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The exercise is from Stein-Shakarchi's Real Analysis (Chapter 1, ex. 24). It asks about an enumeration of the rationals $\left\{r_{n}\right\}_{n\geq 1}$ such that the complement of $\bigcup_{n=1}^{\infty}{\left(r_{n}-\frac{1}{n},r_{n}+\frac{1}{n}\right)}$ in $\mathbb{R}$ is non-empty.

While, I understand that we probably need some enumeration of the rationals such that the only rationals outside a fixed bounded interval are of the form $r_{m^{2}}$ for some $m$, I'm having trouble seeing how to get such an enumeration.

As always, help is very appreciated :)

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up vote 5 down vote accepted

Fix some irrational $\alpha$ and any enumeration $\{q_n:n\in\Bbb Z^+\}$ of the rationals. We’ll build a new enumeration $\{p_n:n\in\Bbb Z^+\}$ of $\Bbb Q$ in such a way that for each $n\in\Bbb Z^+$, $\alpha\notin(p_n-\frac1n,p_n+\frac1n)$.

Let $n_1=\min\{n\in\Bbb Z^+:|q_n-\alpha|\ge 1\}$, and let $p_1=q_{n_1}$; clearly $\alpha\notin(p_1-1,p_1+1)$. Let $Z_1=\Bbb Z^+\setminus\{n_1\}$, the set of indices of rationals not yet re-enumerated.

Now suppose that we’ve already defined $p_1,\dots,p_m$ and $Z_m$. Let $$n_{m+1}=\min\left\{n\in Z_m:|q_n-\alpha|\ge\frac1{m+1}\right\}\;,$$ and set $p_{m+1}=q_{n_{m+1}}$ and $Z_{m+1}=Z_m\setminus\{n_{m+1}\}$. Clearly $p_{m+1}$ is distinct from $p_1,\dots,p_m$ and $$\alpha\notin\left(p_n-\frac1n,\,p_n+\frac1n\right)\;.$$

All that’s left is to prove that every rational is eventually enumerated as $p_n$ for some $n\in\Bbb Z^+$. That follows from the fact that at each stage we took the first available rational in the original enumeration; I’ll leave it to you to fill in the details, unless you get stuck and ask for help.

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Expressed somewhat more succinctly: for each positive integer $n$, take the first rational (in your first enumeration) with distance more than $1/n$ from $\alpha$ that has not yet been enumerated. Somewhat more generally, you can get that complement to contain any closed set of irrationals. – Robert Israel Mar 12 '12 at 16:51
This is a really beautiful solution! And way more natural than the one I was thinking about with the perfect squares. Thanks – Anna Mar 12 '12 at 16:58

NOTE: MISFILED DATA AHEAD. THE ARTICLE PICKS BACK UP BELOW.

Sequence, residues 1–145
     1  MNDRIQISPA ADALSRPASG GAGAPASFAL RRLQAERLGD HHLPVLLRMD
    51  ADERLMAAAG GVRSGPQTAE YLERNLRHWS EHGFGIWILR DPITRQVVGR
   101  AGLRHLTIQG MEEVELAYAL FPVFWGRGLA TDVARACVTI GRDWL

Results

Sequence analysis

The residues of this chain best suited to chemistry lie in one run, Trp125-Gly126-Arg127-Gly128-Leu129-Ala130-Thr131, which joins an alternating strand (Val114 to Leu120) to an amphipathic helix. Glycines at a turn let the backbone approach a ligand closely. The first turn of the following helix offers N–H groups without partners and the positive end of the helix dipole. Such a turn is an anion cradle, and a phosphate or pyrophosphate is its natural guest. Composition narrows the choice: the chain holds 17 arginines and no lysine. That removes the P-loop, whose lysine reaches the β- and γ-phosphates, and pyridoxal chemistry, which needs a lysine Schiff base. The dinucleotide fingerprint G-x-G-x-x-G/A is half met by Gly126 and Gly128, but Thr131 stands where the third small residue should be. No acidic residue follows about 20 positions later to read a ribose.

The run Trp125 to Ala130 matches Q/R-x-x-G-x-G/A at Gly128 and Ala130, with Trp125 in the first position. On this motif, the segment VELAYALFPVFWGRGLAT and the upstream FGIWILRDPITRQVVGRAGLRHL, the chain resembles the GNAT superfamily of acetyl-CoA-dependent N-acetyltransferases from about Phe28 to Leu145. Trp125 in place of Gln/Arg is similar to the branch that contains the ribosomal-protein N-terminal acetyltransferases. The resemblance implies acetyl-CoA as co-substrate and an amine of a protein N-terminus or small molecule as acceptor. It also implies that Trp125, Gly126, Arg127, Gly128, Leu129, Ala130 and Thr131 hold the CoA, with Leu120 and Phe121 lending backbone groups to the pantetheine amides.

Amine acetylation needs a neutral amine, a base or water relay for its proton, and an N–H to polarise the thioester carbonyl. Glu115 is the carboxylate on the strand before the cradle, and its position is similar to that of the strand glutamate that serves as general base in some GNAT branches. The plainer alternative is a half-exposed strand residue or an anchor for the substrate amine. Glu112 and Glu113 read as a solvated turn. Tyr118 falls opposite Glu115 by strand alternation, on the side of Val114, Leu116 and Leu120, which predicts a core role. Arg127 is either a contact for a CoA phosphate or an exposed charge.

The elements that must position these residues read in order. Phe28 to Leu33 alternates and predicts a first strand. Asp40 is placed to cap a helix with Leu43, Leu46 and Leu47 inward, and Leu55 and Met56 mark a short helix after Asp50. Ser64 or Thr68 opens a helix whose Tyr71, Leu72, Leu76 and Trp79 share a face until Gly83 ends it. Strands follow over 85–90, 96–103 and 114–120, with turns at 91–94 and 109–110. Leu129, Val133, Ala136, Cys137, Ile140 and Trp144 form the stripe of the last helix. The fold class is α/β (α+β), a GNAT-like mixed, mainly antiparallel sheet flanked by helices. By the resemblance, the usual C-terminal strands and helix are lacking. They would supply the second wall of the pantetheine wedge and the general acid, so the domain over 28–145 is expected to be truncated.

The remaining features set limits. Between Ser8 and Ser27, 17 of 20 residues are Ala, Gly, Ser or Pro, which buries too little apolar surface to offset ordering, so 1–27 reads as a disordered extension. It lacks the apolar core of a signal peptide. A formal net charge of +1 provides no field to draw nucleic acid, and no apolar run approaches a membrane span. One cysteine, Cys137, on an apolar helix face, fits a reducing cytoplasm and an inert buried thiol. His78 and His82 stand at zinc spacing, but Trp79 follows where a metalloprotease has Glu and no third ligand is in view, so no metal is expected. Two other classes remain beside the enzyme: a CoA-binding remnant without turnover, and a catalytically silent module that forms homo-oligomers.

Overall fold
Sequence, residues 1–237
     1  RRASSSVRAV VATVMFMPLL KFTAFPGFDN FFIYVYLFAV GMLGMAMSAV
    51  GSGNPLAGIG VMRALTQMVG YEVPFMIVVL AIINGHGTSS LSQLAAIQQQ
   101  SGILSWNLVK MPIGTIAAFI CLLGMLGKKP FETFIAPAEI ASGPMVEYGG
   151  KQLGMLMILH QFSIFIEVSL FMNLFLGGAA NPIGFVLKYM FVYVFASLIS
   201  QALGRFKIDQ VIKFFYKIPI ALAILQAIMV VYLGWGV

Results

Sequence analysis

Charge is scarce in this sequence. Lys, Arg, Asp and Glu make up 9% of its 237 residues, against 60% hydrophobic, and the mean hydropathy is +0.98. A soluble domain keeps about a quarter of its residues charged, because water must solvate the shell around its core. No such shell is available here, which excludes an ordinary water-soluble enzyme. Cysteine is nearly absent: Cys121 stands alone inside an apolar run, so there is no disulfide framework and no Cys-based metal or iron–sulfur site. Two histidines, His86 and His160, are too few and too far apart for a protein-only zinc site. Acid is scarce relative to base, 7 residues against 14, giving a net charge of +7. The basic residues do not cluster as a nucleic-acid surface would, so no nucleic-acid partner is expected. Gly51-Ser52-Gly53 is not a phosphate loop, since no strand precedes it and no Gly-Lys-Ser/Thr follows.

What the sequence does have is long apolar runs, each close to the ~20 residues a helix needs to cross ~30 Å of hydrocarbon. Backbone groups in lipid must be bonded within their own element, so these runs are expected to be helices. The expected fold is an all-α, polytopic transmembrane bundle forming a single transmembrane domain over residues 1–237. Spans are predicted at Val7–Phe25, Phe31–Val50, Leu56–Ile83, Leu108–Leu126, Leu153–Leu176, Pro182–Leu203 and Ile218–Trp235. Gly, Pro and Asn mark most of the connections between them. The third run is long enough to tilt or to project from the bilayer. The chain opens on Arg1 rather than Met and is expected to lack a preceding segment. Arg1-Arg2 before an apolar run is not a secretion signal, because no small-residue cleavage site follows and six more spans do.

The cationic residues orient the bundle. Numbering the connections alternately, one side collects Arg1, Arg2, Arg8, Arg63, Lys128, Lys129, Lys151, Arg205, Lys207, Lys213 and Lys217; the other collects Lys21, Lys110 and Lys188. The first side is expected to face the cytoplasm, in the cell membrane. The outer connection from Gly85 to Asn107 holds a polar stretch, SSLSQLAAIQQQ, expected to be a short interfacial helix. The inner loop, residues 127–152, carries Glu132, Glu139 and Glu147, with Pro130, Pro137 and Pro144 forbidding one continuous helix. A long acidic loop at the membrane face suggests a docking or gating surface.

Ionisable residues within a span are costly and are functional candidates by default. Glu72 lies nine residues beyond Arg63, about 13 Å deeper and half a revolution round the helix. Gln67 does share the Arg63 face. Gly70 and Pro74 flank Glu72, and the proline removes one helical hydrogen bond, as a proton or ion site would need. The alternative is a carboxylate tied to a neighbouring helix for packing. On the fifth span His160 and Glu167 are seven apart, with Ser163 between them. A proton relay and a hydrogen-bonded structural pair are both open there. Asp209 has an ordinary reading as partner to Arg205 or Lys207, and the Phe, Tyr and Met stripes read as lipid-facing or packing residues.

Just for fun, here's a different method:

Let $r_1=2$, $r_2=3$, and $r_3=4$.

Enumerate the rationals in $[0,1]$ by $\{q_k\}_{k\ge 4}$. For $k\ge4$, set $r_{2^k}=q_k$. Define the remaining $r_n$ in an arbitrary fashion.

Then the measure of $[0,1]\setminus \bigcup\limits_{n=1}^\infty(r_n-{1\over n}, r_n+{1\over n})$ is no less than $$\Bigl(1-2\sum\limits_{k=4}^\infty {1\over 2^k}\Bigr)- {1\over 4}- {1\over 5} ={3\over 10}.$$

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Following up your idea, enumerate the rationals in $[0,1)$ as $r_n$ and enumerate $\mathbb Z$ as $z_n=(0, 1, -1, 2, -2, \ldots)$. Then we can enumerate all the rationals as $(r_0+z_0, r_1+z_0, r_0+z_1, r_2+z_0, r_1+z_1, r_0+z_2, \ldots)$ as in the proof that pairs of naturals are countable. Now if you consider a unit interval, say $[4,5)$, you should be able to convince yourself that the rationals in that interval are spaced quadratically far apart. You have to worry about spillover from the neighboring intervals, but you can minimize that by taking one far enough from the origin.

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I think the way this problem was intended to be solved is as follows, though it is similar to one above. And it's short. We denote all rationals in $[0,1]$ as $\{p_{n}\}$ and those in $\mathbb{R}-[0,1]$ as $\{q_{n}\}$. Now let's construct $\{r_{n}\}$ as follows: if n is a square of some integer, we take the next one in $\{q_{n}\}$; otherwise we take the next one from $\{p_{n}\}$. It is easy to proof that $\cup(r_{n}-\frac{1}{n},r_{n}+\frac{1}{n})\subset[-1,2]\cup(\cup(q_{n}-\frac{1}{n^{2}},q_{n}-\frac{1}{n^{2}}))$. Take summation we will find the right side has finite measure.

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